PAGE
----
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Circle the hospital provides heartwarming sight

Saturday night was a sight to behold. Hundreds of Troup County residents filled the streets and parking lot of WellStar West Georgia Medical Center to thank healthcare professionals for doing their jobs.

In normal times, it might sound silly that hundreds of people showed up to thank someone for simply showing up to work, but we would say these times are anything but ordinary, and doctors and nurses are anything but ordinary too. Government officials have thrown around the term “people on the front line” generously lately, but those employees inside hospitals throughout the country are the ones seeing COVID-19 personally. Many of us only know how this illness impacts people by hearing what others have said or suspected, but these individuals know precisely what it does to a person.

We had reporters on the roof and on the ground, and you could tell how much the gesture meant to the hospital staff. And the hospital staff got in the act too, holding up signs saying thank you and waving to community members, showing appreciation for their support.

Imagine that. The people truly on the front lines are thanking everyone else for just being there and saying thank you.

Doctors, nurses, administrative employees, everyone who steps foot inside a hospital, has an increased chance of infection. They know it’s their job to care for those people, but that doesn’t mean it’s not weighing on the back on their minds.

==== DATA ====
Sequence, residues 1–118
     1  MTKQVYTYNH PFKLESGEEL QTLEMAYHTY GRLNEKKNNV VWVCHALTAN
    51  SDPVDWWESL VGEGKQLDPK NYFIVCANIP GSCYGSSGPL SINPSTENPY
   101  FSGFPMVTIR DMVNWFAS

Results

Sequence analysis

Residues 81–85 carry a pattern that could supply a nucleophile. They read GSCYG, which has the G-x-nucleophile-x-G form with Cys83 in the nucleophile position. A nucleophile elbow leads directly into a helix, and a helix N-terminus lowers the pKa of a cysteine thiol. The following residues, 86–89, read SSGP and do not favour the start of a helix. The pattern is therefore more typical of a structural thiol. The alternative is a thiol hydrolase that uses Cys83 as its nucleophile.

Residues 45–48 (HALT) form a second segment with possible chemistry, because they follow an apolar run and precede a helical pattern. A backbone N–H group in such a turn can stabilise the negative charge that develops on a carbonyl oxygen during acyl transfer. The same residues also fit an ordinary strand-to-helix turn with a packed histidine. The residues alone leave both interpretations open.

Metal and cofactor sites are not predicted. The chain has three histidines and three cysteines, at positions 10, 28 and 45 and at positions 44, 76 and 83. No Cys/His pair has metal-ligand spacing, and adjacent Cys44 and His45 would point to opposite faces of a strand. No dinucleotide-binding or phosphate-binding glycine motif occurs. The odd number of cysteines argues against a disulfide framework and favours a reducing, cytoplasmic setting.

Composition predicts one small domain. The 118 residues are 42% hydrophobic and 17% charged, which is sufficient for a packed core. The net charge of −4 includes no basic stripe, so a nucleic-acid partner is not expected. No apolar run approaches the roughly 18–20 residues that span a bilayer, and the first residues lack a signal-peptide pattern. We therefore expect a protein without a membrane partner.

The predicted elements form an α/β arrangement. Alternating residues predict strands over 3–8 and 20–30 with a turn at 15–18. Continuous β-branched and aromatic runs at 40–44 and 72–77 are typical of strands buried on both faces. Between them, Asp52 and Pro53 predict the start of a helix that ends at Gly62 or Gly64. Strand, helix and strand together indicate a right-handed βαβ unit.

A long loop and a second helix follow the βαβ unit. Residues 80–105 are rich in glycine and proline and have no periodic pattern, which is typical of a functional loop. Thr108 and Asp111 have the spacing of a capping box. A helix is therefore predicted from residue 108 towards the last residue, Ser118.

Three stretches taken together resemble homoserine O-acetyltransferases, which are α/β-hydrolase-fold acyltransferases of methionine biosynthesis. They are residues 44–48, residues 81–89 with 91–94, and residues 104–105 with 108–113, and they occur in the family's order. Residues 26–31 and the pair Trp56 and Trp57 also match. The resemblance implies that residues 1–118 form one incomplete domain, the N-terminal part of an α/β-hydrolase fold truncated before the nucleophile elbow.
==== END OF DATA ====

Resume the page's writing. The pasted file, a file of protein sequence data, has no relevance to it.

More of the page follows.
One doctor told us that it’s always there, but he has to put it to the side. Otherwise, he couldn’t do his job, which is to care for the patient.

It’s easy to think about the doctors when acknowledging hospital staff, but we also want to thank all of our nurses in Troup County. Often, these employees do the brunt work and spend the most time working with the patients. Many times, they do it for 12-14 hours a day, often more, and usually don’t get the credit doctors get when a patient goes home healthy.

Those nurses are typically the lynchpin between doctor and patients and administer the doctor’s care plan for that patient. Many times, with an illness like COVID-19, there is an element in time when they don’t know if a patient has the illness or not, as it takes several days to get test results back.

We also understand that these times must be difficult for healthcare professionals and their families. While most of us are self-isolating, we don’t think twice before hugging our kids, spouse or partner.

However, if you’ve been working in a hospital all day, even if you wear the correct preventive protection equipment or douse yourself with hand sanitizer, we’d imagine you can never feel doubt-free going home.

Healthcare officials appreciated the community gesture. In the words of WGMC’s President Coleman Foss, “To have the community show the level of support that they did and the magnitude of which that support was — it was really heart-rendering for so many staff members.”

Let’s continue to support our healthcare officials and let them know how important their work is to all of us.